American government officials are in talks with Cuba in Havana in an attempt to take back the US citizen’s assets confiscated after Cuba’s revolution decades ago. The talks may lead to further easing of economic sanctions on the communist island, because Cuba says it might unlock the properties if the United States ends its trade embargo.
When Castro declared victory in 1959, many Americans were forced to flee their homes and give up their land. Fidel Castro, angered by the US secrete plans to thwart his communist revolution, seized their lands. Now, for the first time, Cuba has agreed to meet to consider settling those issues.
The New York Times reports that nearly 6,000 people and corporations lost homes, farms, factories, sugar mills and other properties totaling US$1.9 billion. But some analysts put the total value of the property at $7 billion.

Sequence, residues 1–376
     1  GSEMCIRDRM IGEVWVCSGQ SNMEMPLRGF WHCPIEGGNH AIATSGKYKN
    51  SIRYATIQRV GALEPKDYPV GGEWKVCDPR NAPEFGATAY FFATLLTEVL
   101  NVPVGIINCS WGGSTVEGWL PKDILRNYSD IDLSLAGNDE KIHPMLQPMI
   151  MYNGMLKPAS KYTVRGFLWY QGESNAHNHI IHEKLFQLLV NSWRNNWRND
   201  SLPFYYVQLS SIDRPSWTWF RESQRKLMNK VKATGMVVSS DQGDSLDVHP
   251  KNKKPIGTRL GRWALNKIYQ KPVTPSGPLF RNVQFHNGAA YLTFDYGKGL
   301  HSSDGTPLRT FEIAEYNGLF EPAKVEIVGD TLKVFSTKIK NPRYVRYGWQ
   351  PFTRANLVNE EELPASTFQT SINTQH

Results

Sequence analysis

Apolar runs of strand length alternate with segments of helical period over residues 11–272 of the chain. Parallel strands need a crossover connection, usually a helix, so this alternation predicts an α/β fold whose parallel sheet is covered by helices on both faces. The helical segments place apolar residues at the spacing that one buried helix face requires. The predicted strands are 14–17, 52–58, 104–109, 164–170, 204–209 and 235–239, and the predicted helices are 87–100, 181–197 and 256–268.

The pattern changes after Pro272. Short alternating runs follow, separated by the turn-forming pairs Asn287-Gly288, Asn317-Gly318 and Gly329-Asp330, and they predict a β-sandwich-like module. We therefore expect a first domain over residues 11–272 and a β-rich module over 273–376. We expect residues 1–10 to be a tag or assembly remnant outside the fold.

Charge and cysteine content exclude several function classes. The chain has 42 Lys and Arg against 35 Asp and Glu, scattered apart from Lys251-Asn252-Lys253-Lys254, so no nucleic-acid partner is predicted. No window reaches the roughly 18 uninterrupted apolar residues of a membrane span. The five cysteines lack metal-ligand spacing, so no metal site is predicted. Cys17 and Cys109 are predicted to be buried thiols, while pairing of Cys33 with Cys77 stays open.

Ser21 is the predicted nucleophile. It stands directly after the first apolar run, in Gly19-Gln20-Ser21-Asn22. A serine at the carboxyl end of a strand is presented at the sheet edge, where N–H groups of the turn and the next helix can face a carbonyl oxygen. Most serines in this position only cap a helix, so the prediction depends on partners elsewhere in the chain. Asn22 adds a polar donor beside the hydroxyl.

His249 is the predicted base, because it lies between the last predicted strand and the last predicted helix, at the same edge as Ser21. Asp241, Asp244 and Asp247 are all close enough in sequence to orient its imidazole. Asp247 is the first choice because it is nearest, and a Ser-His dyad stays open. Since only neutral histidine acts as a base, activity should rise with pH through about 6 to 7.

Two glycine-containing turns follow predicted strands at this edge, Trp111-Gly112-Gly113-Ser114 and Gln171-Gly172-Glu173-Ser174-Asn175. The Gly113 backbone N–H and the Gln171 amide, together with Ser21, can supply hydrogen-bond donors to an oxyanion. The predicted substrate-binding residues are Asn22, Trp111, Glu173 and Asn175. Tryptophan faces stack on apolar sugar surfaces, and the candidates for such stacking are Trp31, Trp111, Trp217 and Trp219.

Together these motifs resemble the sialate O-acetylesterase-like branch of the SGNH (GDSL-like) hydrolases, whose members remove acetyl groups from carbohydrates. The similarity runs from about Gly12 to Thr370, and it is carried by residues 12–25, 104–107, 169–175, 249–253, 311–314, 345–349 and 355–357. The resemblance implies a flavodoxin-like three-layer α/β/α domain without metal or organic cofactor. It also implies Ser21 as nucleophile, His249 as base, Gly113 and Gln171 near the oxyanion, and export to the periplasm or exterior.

“The meeting is the first step in what we expect to be a long and complex process, but the United States views the resolution of outstanding claims as a top priority for normalization,” said the US government in a statement. “The reestablishment of diplomatic relations allows us to more effectively represent U.S. interests and values in Cuba and strengthen our ties with the Cuban people.”
The issue had long been a stumbling block to the re-establishment of relations between the neighbors. Even while restoring diplomatic relations last year, Obama administration said vaguely that property claims would be on the long list of issues to be taken up in bilateral talks.
Mary McLeod, Acting Legal Adviser for the U.S. Department of State, leads the U.S. delegation. “This initial meeting will allow the two sides to exchange information on a wide variety of claims,” stated the US government, without elaborating.